After listening to fitness leaders discuss the need to spark industry growth, IHRSA has decided to pick up the baton.
In letters hitting CEOs’ desks around the country in the last couple of weeks is information about a new “Industry Growth Council” to run under the umbrella of the non-profit club association. Its goal will be to get consumers to join and stay members at health clubs through broad consumer outreach campaigns.
“It’s a long-term play,” Chuck Leve, IHRSA director of business development, told SNEWS. “We’re going to take a shot and see what happens.”
In the last couple of years at CEO forums run at IHRSA’s meeting and trade show in the spring, the topic of some kind of way to reach out to consumers as one entity — rather than each manufacturer doing its own thing — has come up as an industry need. In addition, Leve said, the topic also comes up casually — in hallways, show aisles and during telephone conversations. Finally, they said it was time to take action.
“We wanted to pick up on the emotion and the desire of everybody,” Leve said. “We’re all trying to do the same thing.”
In the letters, IHRSA has asked companies to pitch in at one of three levels — as a Premier member for $20,000, a Sustaining member for $10,000, or a Contributing member for $5,000. IHRSA will match all funds received for the council, he said, and the hope is for about 500 supplier-members to join the effort. The group is looking to know how the push shakes out by late summer.
Current plans — still rough and in draft form — include three ways to spend the funds with the goal of club membership, club awareness, and retention:
- New members — Get new people into clubs to join and try to help them stay.
- Consumer outreach — Enhance desirability of club membership with public campaigns yet to be determined. “We don’t have a ‘got milk’ kind of budget,” Leve added.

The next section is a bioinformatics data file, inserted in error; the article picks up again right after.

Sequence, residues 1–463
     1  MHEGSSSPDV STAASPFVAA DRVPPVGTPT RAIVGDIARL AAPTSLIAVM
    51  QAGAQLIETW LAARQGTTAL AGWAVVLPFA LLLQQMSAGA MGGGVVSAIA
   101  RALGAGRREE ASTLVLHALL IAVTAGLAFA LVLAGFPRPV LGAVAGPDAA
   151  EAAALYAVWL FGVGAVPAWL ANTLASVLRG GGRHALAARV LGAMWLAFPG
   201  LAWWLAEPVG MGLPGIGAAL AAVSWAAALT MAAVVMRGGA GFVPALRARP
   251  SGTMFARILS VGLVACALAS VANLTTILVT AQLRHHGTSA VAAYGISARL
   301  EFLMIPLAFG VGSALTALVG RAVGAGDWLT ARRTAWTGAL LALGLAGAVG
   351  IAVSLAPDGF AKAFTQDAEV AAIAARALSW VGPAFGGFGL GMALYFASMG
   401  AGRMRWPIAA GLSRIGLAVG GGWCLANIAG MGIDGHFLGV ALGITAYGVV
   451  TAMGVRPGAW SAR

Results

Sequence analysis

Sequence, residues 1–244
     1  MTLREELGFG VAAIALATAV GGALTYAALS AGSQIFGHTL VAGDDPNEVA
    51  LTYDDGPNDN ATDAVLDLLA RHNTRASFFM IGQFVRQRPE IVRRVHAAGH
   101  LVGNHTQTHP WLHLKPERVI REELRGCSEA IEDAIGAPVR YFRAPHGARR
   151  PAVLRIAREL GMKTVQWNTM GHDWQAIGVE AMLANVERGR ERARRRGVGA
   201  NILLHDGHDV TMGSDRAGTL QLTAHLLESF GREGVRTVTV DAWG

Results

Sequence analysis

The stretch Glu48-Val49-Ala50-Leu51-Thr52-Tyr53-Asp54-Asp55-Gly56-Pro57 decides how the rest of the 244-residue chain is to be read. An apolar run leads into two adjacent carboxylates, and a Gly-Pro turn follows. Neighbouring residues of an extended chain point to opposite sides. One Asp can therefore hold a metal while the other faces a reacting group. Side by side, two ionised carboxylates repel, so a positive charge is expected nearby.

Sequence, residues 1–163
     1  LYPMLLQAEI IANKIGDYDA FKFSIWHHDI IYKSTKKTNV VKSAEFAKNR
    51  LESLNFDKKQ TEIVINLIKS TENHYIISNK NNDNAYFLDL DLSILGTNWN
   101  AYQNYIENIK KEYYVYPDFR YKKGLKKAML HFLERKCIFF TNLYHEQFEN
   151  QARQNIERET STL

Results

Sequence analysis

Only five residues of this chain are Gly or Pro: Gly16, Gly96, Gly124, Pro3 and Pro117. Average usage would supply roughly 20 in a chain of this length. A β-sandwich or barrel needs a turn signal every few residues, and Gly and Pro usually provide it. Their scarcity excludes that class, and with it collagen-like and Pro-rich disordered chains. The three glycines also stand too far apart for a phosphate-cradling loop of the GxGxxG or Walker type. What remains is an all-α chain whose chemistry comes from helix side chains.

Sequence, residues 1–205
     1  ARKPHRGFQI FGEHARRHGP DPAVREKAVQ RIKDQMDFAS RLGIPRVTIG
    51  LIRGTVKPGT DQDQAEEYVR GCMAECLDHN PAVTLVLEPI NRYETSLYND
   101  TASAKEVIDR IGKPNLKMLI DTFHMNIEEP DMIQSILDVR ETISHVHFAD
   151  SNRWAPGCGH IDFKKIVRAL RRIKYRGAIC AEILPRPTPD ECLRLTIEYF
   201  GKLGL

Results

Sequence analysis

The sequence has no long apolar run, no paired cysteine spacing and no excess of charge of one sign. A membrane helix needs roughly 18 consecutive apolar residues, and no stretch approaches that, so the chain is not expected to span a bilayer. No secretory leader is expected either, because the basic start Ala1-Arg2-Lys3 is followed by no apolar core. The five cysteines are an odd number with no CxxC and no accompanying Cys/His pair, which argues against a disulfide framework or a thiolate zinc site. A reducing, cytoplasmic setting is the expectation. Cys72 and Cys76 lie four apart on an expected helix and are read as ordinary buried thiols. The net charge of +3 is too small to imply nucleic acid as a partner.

- Market research — Find hard data to help clubs grow by doing research (in Europe to start) on numbers of clubs, membership, member demographics and other basic information.
Final determination of how to spend the money will be done with suppliers that have contributed; IHRSA will retain 50 percent of the vote because it will contribute half the money, he added.
“We want to do it with you, not to you,” Leve said.
Studies show that people get it when it comes to the health benefits of physical activity, but now he added they just need to figure out how to break down barriers and get the inactive to make that step.
“We want to see if we can make a difference,” he added.
SNEWS View: This is one step toward creating more consumer awareness of fitness, and a commendable one at that. We just wish it weren’t limited to promoting health clubs, but fitness in general, although we understand that IHRSA must focus on its membership. We also wish the price of participation weren’t so high so smaller suppliers could also take part. But this is indeed one piece of a larger puzzle, and you have to set one on the table first to create the whole picture. Despite an emphasis on getting consumers to join health clubs, any consumer campaign could also have spillover benefits that could help the inactive decide to become active in some way even if that doesn’t mean — at least initially — at health clubs.